“I know, I know… it’s funny that I used a Strat for ‘Pigs on the Wing.’ I was so used to my Les Paul by that point, and I was surprised that I felt as comfortable as I did with that Strat. I still hated it, but I got through it [laughs]. Even though I was using a Strat, I still think that solo turned out quite nice.”

Snowy White Another Brick in the Wall, Part II awesome Guitar Solo

“What’s funny, though, is I remember reading someone comment on that. I remember it clear as day – they said, ‘What’s this? Snowy White doesn’t play Strats; this can’t be Snowy White.’ And I just thought, ‘You know, I’m allowed to pick up another guitar and play it, too.’ But I’m known as the Les Paul man, so what can I say?”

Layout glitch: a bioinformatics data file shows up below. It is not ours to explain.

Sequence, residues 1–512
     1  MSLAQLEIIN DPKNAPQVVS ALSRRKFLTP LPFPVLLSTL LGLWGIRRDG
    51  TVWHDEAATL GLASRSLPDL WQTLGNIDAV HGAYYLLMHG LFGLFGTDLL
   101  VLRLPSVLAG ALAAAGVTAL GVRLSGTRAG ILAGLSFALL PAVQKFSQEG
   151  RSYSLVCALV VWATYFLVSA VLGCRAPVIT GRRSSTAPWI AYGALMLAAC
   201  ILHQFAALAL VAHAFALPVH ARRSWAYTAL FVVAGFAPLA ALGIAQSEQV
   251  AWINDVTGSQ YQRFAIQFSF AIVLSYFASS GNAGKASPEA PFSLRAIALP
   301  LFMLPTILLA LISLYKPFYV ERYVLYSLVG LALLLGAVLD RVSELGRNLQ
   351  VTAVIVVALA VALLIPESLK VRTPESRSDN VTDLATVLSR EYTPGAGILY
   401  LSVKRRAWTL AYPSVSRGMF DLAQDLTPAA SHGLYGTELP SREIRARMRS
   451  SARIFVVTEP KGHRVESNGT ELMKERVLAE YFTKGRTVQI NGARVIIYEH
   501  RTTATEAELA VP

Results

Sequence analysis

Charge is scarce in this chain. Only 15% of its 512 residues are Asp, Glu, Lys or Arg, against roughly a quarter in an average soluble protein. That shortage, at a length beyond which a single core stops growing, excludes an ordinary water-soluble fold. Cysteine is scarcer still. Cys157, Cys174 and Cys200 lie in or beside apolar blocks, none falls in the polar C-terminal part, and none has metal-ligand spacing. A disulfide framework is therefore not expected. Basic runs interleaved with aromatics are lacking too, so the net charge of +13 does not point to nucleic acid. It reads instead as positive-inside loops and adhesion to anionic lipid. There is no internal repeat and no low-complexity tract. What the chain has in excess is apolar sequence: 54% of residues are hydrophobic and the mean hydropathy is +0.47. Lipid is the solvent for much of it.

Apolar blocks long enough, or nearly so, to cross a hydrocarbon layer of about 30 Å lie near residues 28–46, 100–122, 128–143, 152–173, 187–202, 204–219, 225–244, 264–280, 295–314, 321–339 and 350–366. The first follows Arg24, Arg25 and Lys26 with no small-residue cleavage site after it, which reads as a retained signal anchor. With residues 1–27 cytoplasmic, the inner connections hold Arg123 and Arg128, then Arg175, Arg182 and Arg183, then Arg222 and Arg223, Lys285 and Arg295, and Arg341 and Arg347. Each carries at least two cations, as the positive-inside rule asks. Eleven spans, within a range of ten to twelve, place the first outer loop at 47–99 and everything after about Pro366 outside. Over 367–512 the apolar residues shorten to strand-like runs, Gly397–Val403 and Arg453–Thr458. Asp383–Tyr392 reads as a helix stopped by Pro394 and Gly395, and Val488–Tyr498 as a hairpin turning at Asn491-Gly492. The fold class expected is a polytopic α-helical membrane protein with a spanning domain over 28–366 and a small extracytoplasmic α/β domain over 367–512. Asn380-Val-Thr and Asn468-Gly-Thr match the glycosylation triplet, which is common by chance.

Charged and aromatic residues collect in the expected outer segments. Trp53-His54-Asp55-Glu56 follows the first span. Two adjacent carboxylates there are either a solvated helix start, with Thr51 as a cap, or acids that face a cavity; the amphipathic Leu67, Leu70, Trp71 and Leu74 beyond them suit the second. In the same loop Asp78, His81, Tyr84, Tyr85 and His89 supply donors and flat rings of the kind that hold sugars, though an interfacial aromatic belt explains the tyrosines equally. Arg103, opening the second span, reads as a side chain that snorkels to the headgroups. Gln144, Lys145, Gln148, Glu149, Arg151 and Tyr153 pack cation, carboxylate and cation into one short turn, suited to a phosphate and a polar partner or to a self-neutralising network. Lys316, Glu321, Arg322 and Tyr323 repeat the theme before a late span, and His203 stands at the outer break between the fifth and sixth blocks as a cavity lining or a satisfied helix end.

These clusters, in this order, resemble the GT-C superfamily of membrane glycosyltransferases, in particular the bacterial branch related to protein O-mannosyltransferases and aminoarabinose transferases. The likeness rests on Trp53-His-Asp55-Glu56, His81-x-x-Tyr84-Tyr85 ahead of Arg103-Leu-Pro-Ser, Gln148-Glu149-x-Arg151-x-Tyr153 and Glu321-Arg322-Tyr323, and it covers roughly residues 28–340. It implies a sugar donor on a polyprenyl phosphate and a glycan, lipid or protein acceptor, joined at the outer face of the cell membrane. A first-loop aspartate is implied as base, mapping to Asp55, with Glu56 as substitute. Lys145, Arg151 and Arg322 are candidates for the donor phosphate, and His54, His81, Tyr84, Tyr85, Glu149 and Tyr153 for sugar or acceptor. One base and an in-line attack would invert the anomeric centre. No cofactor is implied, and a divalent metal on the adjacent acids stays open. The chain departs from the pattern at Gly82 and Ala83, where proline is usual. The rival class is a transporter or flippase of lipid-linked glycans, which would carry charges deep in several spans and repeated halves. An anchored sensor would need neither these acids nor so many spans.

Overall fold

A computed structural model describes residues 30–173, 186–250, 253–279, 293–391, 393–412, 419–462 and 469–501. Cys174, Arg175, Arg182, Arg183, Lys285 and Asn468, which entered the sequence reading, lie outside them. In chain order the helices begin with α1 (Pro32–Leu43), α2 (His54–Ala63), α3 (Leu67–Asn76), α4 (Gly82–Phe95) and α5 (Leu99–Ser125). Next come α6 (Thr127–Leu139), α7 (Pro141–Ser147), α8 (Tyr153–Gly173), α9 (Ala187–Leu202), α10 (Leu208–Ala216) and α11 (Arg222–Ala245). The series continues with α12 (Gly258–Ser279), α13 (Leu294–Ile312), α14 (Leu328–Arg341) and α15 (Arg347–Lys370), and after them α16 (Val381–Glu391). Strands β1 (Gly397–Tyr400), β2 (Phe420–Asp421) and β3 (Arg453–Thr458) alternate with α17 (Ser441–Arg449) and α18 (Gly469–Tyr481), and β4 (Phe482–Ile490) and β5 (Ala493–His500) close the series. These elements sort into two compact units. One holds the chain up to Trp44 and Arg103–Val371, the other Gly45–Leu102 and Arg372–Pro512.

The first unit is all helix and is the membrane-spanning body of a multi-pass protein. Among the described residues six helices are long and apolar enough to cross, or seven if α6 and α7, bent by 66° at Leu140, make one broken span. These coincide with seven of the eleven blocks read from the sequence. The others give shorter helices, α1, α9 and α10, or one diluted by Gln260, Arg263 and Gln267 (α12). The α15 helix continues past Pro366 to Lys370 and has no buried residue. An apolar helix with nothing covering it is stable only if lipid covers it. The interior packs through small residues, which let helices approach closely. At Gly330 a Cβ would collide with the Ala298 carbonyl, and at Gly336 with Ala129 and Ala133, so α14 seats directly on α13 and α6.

Elsewhere during the interview, Snowy White was asked about how he got involved with the band to which he replied:

“I got a call from someone who said Pink Floyd was looking for an augmenting guitar player for their live work and that they were given my name. I was told that the guys in Floyd had been trying to call me and that I should get in touch. I had ignored the calls at first because, at the time, I was a fairly narrow-minded blues player, and I didn’t know anything about Pink Floyd and didn’t care much to find out.

David Gilmour and Snowy White BRILLIANT Solo 'Another Brick In The Wall' Live 1980

“Honestly, I thought they were drug-crazed hippies [laughs]. They had been messing about with all this funny stuff, and none of it was the sort of thing I was interested in. So, I didn’t call them. But somebody else mentioned it to me again and said, ‘Snowy, why don’t you call them? This would be a good gig for you.’ So, I thought about it, and I did.”